both directions!

from click2pins last Saturday

I get a lot of pictures of those “Hallmark card” sunsets showing thin beaming rays of sunlight like the cover photo that came into last weekend.

These rays are called crepuscular rays and are caused when the sun slips below the horizon or behind low clouds, like in Liala’s case, and those clouds produce shadows causing the dark lines, thus the effect on the sun’s rays. This pic was submitted last weekend also, another great example of crepuscular rays:

From click2pins. Submitted by TwoTurtlesDancing Crepuscular rays views from Louetta Rd

What is more rare are anticrepuscular rays which are seen opposite the rising or setting sun. I’ve gotten two such pictures lately with one just this morning from Vickey Wachtel who asked, “What is causing this in the western sky at a little after 7:00 a.m.?”

Photo sent to me on Facebook this morning just at sunrise

Well, of course, the sun is causing it, just on the opposite side. Vickey’s photo is a stellar example of morning sunrise anticrepuscular rays occurring in the western sky as the sun rises in the east!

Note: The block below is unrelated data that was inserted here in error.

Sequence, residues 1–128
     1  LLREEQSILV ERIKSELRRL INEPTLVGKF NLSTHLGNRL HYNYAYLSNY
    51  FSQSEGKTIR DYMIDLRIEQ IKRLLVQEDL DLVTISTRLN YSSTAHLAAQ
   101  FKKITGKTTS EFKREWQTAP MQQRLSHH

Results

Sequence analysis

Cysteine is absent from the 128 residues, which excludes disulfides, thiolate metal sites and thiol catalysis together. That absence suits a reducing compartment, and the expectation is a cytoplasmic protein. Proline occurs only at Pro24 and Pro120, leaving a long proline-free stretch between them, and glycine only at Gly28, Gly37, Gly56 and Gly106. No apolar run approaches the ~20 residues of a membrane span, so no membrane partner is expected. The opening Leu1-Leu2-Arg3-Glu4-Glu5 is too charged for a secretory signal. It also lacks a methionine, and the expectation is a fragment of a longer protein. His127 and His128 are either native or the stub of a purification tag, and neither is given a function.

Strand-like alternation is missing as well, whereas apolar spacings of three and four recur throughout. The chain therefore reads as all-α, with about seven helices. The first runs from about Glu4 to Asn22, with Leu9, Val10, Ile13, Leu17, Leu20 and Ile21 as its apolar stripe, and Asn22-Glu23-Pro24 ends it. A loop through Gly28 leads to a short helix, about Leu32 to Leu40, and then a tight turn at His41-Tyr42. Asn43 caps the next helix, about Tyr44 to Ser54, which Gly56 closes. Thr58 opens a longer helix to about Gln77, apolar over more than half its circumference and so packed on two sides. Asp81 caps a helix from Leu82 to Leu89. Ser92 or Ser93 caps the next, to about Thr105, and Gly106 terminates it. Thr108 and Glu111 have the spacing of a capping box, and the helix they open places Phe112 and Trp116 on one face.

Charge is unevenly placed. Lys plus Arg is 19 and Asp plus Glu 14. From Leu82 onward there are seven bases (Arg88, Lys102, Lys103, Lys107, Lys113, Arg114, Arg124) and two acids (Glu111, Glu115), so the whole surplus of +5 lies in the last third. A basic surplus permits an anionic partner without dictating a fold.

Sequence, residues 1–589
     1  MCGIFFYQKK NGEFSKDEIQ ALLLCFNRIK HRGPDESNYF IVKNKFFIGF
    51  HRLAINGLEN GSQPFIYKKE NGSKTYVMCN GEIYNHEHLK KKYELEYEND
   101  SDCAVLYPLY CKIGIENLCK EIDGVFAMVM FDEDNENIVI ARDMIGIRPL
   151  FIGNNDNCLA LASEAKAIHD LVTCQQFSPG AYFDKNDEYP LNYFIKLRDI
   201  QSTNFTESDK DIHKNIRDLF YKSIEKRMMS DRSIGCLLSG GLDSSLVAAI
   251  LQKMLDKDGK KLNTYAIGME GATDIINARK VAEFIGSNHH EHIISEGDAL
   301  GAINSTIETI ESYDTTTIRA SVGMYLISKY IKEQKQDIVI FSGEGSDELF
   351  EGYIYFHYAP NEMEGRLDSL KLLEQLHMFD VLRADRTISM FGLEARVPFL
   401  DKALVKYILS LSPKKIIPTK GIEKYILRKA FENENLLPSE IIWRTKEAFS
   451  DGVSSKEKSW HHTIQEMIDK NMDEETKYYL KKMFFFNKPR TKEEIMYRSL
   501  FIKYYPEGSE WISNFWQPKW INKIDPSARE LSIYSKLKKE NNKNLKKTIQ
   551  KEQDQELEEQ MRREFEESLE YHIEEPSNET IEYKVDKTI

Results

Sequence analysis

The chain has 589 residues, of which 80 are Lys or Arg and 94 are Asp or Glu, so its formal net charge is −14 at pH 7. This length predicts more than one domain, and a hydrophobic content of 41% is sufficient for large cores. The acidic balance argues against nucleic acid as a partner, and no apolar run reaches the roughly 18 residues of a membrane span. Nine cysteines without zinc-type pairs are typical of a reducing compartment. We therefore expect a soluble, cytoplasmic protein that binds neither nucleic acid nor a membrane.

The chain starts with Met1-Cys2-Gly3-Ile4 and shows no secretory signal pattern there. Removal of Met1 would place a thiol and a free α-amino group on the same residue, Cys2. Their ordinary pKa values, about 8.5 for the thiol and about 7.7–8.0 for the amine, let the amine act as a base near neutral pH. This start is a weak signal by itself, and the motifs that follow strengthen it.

And just two days ago I received a sunset photo showing anticrepuscular rays in the eastern sky as the sun set in the west. MM put this pic on with the comment: “Cinco ranch looking East, looks like this shadow is originating from East, how is this possible, Frank?”

This photo was submitted to click2pins two days ago by MM

Of course, what is confusing is that in both of these pictures you’d think you were watching a sunrise or sunset, but they are opposite the sun. So what happens? The light from the rising or setting sun simply travels across the sky to its antisolar point and is then reflected by the clouds.

Wait, what is an antisolar point? That is the point exactly opposite the sun. Rainbows always form at the antisolar point, for example. Here is more on anticrepuscular rays.

So wherever you are looking this weekend, enjoy the view! Thanks again for all the Click2Pins you send in -- I appreciate them and I know our viewers do, too!


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About the Authors:

KPRC 2's chief meteorologist with three decades of experience forecasting Houston's weather.

Amanda Cochran is an Edward R. Murrow award-winning journalist. She specializes in Texas features, consumer and business news and local crime coverage.